Axis-Gut-microbiota-estrogens. And they continue to appear in the literature countless axes, since the human body is all interrelated and bidirectional communication occurs throughout it. Now, we look at the axis that involves estrogens, noting that [19], the Intestinal Microbiota (IM) is closely related to estrogen production, through the secretion of β- glucuronidase, and if IM does not act, production will continue to decrease of these hormones in older women, with the usual production of cognitive, gastrointestinal disorders, etc. But the axes not only carry bidirectional signals between the gut and the brain, they also do so in processes such as behavioral disorders and obesity [20]. It has been observed that some bacterial strains, either through their own movement or through stimulation of the vagus nerve or by immunoendocrine mechanisms, stimulate the brain.

Also, the gut-microbiota-lung axis, which is exemplified when pulmonary complications become digestive and vice versa; It is undoubtedly a model to consider, in this bilateral communication [21].

Optometrists are not far away, doubting if the intestinal microbiota (IM) is capable of altering the health of the eyes [22]. Every day more axis appears, related to the microbiota, which indicates that many researchers are moving towards this bidirectional relationship. Now we read about the Gut-microbiota-bone axis [23], which has to do with the microorganisms of the intestine and the molecules that synthesize and impact bone health. By generating alterations of mineral density and resistance. Lactobacillus being one of the candidates to be used in the near future, to prevent the aforementioned incidents.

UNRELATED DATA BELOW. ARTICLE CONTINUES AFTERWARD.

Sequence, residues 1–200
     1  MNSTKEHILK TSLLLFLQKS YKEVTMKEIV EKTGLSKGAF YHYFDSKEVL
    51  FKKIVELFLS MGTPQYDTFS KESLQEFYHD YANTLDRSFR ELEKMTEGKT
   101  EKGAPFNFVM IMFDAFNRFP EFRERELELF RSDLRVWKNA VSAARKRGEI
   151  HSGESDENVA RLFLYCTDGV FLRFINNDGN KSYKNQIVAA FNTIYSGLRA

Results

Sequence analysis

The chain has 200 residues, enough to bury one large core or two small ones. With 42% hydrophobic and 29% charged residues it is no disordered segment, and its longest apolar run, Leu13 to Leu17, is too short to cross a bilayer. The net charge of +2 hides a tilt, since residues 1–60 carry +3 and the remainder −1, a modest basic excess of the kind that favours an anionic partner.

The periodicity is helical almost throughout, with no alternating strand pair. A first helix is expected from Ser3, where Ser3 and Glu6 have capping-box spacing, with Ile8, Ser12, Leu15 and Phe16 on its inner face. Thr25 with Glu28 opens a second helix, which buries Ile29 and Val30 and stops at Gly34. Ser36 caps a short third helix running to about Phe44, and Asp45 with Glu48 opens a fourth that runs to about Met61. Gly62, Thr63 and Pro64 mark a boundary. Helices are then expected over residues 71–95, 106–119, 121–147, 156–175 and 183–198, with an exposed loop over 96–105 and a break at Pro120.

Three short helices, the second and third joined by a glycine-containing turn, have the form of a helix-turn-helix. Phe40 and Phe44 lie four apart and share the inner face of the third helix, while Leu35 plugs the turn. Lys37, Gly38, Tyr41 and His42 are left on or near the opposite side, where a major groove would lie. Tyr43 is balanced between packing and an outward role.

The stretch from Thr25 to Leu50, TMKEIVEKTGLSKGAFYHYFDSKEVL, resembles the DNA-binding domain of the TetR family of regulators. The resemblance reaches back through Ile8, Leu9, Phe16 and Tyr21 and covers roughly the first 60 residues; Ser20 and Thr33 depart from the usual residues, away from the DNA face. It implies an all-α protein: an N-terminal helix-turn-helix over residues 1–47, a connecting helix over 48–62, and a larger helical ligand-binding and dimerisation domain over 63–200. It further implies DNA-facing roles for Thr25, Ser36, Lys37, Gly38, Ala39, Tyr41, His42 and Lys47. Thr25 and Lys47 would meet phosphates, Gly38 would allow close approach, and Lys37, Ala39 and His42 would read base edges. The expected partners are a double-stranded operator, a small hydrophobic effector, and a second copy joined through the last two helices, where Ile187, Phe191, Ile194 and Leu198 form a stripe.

Bell and his group comment [24], that both neuro-degeneration and inflammation are companions of various neurological diseases. They carry out a novel process by identifying the link between the Gut Microbiota and the Brain, through mucous interfaces, such as those contained in the nose, mouth, lung and gut. However, numerous axes that link the communication between the intestinal microbiota (IM) and different organs have already been evidenced and, it has been determined that dysbiosis, in the long run, produces a series of pathologies, which can be tempered with the Intestinal Microbiota Transplant, as well as new personalized diet and the temporary use of probiotics, prebiotics or symbiotics [25]. They play an important role in the bidirectional communication that occurs in the gut-microbiota-brain axis, other axes such as the hypothalamic-pituitary-adrenal axis [26], and, despite their anatomical separation, there is reciprocal communication of both axes. And this is deregulated, at the beginning of a disease, either neurological or intestinal; at the occurrence of the multicited inflammation, as an innate process of the immune system, motivated by the microbiota itself and its metabolites.

Another first-line element that affects bidirectional communication processes is the vagus nerve [27]. As well as gamma-aminobutyric acid (GABA), as the main neurotransmitter. Who is significantly involved, in the regulation of many physiological and psychological processes? The activation of the vagus nerve by the various intestinal microorganisms is also known, said activation being significant in the healthdisease process [28]. Last but not least, although the tendency to evaluate the impact of pre, pro and symbiotic health, its effect has not been fully demonstrated [29].

Conclusion

• The possibility of describing axes that relate the different organs to the Intestinal Microbiota (IM) or other Microbiotas is not far off; Skin, Eyes, Ear-nose-throat, Gynecological, Urological, etc.

• Our research should focus on trying to identify which components of the Microbiota translate diseases.

• Sequencing is a technique that will greatly help in the genesis of pathologies caused by dysbiosis.

• A good combination of individual-pre, pro or symbiotic diet and microbiota modulation is a magnificent cocktail.

Acknowledgment

This work was supported by grant 284018 from CONACyT México and IN218619 from DGAPA-PAPIIT to MMAG.